Commitment & Consistency Bias:
Updated: Sep 21
Commitment & Consistency Bias:
People have a strong desire, once they commit, to behave in line with that commitment. For example: Asking someone if they are going to vote will increase the likelihood that they will. Professor Robert Cialdini encourages people to write down and make public their commitments to encourage people to live up to their promises.
Mental models are like bridges that connect ideas between different subjects. The more mental models you have the better your multidisciplinary thinking will be.
Let's see how the mental model of commitment & consistency bias connects between different subjects:
When possible, mention precedents and past practices. Something you have done before is less likely to be contested.
Research on the non-rational escalation of commitment shows that we have a strong desire to justify our prior decisions and behaviors. If someone isn't doing something, say: "I'm guessing you haven't got around to...." . Either the person responds with pride or they double down on their commitment.
Use a commitment (and loss aversion) to avoid a bidding war, for example: "We're going to commit to a financial package that will be at the top of the industry, but we're not going to reveal it until we have your commitment to take it or reject it. We don't want this package to be used to start a bidding war with your current company."
Everyone thinks they are open-minded because the opposite is being closed-minded. People's perception of their open-mindedness makes them feel obligated to explore possibilities."It seems like you are giving them a choice, when you are heavily weighting the only option you are giving them. Ask: "How open-minded are you about at least trying..?"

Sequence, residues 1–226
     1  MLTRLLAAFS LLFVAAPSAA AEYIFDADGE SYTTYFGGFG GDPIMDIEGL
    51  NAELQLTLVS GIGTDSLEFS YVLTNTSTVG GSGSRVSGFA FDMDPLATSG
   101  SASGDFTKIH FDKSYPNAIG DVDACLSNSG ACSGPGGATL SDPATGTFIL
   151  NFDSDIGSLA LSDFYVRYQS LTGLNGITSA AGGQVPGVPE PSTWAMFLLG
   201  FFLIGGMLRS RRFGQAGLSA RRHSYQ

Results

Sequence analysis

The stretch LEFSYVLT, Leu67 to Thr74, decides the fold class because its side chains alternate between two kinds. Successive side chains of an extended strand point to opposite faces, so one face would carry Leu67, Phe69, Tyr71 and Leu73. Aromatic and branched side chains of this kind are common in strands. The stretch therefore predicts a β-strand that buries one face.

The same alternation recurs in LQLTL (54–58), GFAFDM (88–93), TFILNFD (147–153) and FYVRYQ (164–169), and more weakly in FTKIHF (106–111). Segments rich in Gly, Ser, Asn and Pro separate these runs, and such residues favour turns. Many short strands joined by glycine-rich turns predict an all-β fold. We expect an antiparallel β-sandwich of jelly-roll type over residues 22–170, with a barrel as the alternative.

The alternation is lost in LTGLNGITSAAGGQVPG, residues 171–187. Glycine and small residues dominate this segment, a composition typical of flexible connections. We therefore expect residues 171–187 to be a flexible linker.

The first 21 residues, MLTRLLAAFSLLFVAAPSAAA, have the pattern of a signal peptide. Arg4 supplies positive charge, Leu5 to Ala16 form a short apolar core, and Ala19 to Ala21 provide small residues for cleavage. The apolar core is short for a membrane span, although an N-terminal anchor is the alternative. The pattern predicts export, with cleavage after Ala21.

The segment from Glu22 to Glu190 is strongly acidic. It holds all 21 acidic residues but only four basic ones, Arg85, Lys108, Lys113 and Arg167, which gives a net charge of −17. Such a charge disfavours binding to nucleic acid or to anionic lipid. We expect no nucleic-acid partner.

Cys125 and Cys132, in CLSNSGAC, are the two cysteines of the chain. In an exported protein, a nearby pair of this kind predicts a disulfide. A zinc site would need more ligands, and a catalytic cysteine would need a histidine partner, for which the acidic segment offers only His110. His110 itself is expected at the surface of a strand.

Consistency is powerful in influencing human behavior because of commitment. Researchers asked people to predict if they would vote on election day. As most people want to seem virtuous they said 'yes' and this acted as a commitment device and more people went to vote.
Charities use consistency when calling and asking "How are you?" Our natural reaction is to say "Fine/Good" and they then reply with "I'm glad to hear that because I am calling to see if you can help the unfortunate victims of....'
Give a person the label of a certain trait and then make a request consistent to that trait (and provide examples of when they have done something similar).
Highlight a discrepancy between what a person might recommend others to do and what they are doing. This technique works because we strive for consistency. We want our beliefs and behaviors to align.
It relieves discomfort when you can show people there is a pattern.
To overcome the effects of peoples' consistency bias, avoid framing their commitment as a mistake. Tell them: "Their decision was correct at the time they made it"
After a person has answered a question favorably, say "I'll let the others know" to increase commitment as their decision has now been publicly declared.